February 2, 2019
Woman Bought Winning Lottery Ticket With Stolen Credit Card, Nabbed By Police When She Tried To Claim Prize

A Canadian woman ran out of luck after buying a winning lottery ticket with a stolen credit card and then getting nabbed by police when she tried to claim the $50,000 prize.

The incident happened in Newfoundland, where police said a man reported that his wallet had been stolen and that his credit cards were being used for purchases at nearby shops. As the Sudbury Star reported, police investigated and found out that one of the purchases was for a lottery ticket that happened to win "a large amount of money."

Then it was just a waiting game for police to get a description of the thief, which they did by using the store surveillance cameras and the locations of the purchases. When police learned that the woman was on her way to a local lottery office to collect the $50,000 she had won, they were there waiting for her.

Police picked up the 33-year-old woman on two counts of possession of a stolen credit card and five counts of fraud. To make matters worse, police also caught the 46-year-old man who drove her to the office for driving a suspended license, causing them to impound the car.

Had the woman not happened to buy a winning lottery ticket, police may never have found her.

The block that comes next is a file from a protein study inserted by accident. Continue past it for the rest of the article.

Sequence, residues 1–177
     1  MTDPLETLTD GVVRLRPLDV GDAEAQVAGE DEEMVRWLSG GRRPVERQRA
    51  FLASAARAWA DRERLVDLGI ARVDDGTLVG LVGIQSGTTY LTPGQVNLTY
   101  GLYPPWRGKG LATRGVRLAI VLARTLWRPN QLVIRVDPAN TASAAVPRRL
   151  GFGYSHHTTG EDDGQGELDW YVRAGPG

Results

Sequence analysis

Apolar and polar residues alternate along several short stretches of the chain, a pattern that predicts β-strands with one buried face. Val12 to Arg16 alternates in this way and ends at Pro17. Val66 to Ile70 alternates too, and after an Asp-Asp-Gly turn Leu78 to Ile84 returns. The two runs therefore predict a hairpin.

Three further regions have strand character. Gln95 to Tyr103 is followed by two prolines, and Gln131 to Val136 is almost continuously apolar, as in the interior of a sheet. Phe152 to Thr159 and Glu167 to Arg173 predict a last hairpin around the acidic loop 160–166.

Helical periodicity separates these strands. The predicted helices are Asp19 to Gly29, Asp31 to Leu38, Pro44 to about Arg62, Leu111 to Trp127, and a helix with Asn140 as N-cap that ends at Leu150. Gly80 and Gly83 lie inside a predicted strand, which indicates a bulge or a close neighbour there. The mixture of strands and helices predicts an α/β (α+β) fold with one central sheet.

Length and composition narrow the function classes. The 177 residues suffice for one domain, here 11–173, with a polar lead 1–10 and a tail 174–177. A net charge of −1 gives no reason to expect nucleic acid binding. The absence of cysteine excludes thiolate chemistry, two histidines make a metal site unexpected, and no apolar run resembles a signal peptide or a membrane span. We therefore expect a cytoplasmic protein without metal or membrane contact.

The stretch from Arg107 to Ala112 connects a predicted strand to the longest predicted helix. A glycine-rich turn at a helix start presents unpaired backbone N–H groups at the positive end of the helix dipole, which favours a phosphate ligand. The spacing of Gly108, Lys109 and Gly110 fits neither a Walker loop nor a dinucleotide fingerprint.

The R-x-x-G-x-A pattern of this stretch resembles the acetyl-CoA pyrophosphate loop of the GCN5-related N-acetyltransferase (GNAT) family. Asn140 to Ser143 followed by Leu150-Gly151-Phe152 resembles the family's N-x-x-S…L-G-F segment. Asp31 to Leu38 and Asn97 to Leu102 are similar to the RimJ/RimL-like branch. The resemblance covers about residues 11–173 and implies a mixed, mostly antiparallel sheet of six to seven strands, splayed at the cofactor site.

"What makes it unusual is that someone purchased a lottery ticket that actually was a winner," said Const. James Cadigan.

The woman may have been better off not winning the money, experts say. Many lottery winners have said that they regret ever taking in the enormous prizes, including James Groves, who split a $336 million jackpot with a friend in 2009. Groves said he became inundated with calls from people asking for money and that his dream of living as a multi-millionaire turned into a nightmare.

"Winning is the beginning," he said, according to Forbes. "Living with it is pure hell."

While a multi-million dollar jackpot may have a massively different effect than $50,000, the sudden loss could be a wakeup call to the Canadian woman to change her allegedly thieving ways -- and to find a friend who is legally allowed to drive.

She won't be getting a whiff of the money in any event. Police said the woman who bought the winning $50,000 lottery ticket had to forfeit her winnings after the arrest. The unclaimed prize money will be added back into the lottery's pool of money and used for future prizes, lottery officials said.